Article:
Multiple Stores using Same Github Branch

Solved
MatthewG
Shopify Partner
6 1 7

Hi,

 

I am using Shopify Online Store 2.0 with Github integration. I am wanting to use one master branch that will be used across multiple stores. All the stores will be identical with small changes being made with liquid conditions.

 

This all works fine apart from the theme settings config files. I want a unique settings_data.json file for each site as the sites will have different content, but with the same codebase. When I make a change in the theme settings it then pushes this change to Github which then updates the theme settings for all the other sites.

 

What is the best approach for dealing with this? Does anyone have a workflow strategy that they can share that solves this issue?

 

Any ideas?

 

Thanks,

Matt

Accepted Solution (1)
MatthewG
Shopify Partner
6 1 7

This is an accepted solution.

@RossellaF The solution I ended up coming up with is having all our Stores connect to the same repository.

 

Our branching strategy is having a different live branch for each site that will serve as the live theme.

 

For my specific use case, the majority of the code would be identical apart from the custom content being loaded on them via the Customiser (apart from a few small changes). So my solution was creating a Github workflow. We create the branch, complete the development work, then push to the Release branch. I setup a Github Workflow to exclude the settings_data.json and settings_schema.json files. Then on push to the release branch it runs a bunch of git commands (not the cleanest) to checkout each of the live branches for each site and push all the changes excluding the settings files to all of our Live themes at the same time. This doesn't overwrite the customiser settings.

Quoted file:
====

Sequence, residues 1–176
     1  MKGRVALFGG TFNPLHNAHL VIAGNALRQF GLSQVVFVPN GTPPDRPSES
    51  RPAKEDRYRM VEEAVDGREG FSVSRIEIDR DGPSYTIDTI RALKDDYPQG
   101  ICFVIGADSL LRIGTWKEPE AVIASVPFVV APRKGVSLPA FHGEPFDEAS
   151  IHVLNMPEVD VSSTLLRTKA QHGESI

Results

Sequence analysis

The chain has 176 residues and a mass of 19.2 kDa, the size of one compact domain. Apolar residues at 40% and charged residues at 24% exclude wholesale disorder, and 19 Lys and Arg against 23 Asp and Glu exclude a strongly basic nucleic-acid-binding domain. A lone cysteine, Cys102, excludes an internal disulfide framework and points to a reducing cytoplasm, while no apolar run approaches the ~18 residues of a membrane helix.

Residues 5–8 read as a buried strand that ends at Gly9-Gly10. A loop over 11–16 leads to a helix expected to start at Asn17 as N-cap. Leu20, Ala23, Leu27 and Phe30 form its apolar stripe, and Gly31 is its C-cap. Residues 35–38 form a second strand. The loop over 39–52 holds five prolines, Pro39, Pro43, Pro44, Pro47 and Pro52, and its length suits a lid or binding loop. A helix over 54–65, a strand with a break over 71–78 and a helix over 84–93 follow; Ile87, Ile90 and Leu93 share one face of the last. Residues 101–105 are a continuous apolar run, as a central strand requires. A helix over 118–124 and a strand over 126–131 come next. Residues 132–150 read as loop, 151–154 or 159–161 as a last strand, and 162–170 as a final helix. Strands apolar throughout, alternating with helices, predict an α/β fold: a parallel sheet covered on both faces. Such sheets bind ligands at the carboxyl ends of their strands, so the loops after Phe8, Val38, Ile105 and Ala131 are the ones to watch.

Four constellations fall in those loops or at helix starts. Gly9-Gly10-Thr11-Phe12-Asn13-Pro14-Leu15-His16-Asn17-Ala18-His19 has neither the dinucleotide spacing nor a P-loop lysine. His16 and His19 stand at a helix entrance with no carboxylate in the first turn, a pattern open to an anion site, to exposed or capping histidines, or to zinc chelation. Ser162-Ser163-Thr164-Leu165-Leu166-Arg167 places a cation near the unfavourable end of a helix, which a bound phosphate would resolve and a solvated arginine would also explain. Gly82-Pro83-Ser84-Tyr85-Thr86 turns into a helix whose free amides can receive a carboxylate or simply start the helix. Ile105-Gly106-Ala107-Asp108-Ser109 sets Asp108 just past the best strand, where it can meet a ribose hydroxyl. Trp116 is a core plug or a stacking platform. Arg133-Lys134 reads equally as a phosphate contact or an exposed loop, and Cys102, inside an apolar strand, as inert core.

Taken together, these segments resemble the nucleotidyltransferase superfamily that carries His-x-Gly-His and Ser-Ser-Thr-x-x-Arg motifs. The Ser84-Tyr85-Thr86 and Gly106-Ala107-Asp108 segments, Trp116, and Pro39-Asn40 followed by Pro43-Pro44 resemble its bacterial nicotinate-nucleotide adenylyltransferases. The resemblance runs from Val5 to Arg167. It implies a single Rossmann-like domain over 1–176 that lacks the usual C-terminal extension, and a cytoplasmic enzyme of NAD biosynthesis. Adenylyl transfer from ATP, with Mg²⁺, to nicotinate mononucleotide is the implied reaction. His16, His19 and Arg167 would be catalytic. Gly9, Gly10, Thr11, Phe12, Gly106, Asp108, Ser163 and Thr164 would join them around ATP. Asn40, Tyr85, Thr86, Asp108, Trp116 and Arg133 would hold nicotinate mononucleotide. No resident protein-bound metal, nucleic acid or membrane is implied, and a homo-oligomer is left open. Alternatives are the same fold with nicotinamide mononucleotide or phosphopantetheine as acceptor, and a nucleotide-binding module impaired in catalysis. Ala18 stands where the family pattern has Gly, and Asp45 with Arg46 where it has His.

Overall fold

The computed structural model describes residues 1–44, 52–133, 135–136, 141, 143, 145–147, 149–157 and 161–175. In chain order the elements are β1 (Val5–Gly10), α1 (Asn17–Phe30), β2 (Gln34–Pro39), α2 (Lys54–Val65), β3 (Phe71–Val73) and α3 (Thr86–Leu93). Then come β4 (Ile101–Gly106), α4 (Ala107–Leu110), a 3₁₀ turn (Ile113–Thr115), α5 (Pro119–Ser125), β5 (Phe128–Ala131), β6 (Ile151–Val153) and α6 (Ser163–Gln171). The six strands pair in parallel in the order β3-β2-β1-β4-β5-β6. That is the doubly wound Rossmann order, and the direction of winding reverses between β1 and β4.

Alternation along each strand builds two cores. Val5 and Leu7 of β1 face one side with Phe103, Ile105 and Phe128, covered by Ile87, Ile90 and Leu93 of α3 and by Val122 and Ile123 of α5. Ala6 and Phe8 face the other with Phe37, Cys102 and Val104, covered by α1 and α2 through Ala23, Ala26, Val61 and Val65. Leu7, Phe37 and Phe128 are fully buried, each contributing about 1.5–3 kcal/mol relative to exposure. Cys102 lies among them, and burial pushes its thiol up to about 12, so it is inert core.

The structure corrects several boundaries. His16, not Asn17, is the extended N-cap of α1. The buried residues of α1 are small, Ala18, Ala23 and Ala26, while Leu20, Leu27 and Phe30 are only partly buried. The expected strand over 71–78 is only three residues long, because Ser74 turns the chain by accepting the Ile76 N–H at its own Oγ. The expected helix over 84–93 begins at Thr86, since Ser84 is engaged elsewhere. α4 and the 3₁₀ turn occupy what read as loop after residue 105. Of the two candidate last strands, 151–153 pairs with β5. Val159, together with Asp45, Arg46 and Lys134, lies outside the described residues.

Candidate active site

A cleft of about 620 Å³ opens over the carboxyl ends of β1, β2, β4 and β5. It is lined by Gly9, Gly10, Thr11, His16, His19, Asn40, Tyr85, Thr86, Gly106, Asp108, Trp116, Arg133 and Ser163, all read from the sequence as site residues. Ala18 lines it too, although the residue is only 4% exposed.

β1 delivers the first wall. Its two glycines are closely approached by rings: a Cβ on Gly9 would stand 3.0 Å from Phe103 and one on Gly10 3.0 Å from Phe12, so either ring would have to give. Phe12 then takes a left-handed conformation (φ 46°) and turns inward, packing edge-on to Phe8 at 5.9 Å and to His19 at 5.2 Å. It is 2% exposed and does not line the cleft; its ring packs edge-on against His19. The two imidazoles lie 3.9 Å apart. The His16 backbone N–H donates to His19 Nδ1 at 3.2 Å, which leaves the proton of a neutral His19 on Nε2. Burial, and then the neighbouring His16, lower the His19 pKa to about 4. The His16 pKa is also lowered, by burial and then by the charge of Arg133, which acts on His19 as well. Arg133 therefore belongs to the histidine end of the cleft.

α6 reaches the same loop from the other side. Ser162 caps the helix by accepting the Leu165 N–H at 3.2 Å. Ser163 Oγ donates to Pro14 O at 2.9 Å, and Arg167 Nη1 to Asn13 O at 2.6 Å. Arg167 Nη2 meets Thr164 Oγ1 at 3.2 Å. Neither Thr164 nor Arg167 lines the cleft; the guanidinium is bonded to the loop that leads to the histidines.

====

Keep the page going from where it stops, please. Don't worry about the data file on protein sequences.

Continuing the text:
Saying this, there are a couple of liquid conditions for unique code for Tracking and other small bits, but other than that this solution worked the best for me. Definitely improvements can be made though! 

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Replies 10 (10)
Jhenricks518
Shopify Partner
3 0 2

Also currently looking for a good workflow for this. 

as an agency, we want to have one GitHub repo with our “main” default theme and have custom configurations of that theme be used across many client builds. When we add new features to our main repo, it would be great if all the clients using that theme could get the updates. 

right now we’ve got it setup as a “template” repo and we start new repos per client. Hard to keep the client sites up to date as we implement new base features though. 

RossellaF
Shopify Partner
21 0 5

I am also looking for a good workflow for this.

 

I am thinking about having different branches the live themes on each store, connected to the same Github repository, so that the changes through the theme customizer are being kept track of.

 

The problem presents itself when wanting to work on a specific feature: which branch do I create the feature from (what is the real source of truth)?

Thinking it might be easier just to have a different repository for each store, even though it increases the time to manage any change to the code

MatthewG
Shopify Partner
6 1 7

This is an accepted solution.

@RossellaF The solution I ended up coming up with is having all our Stores connect to the same repository.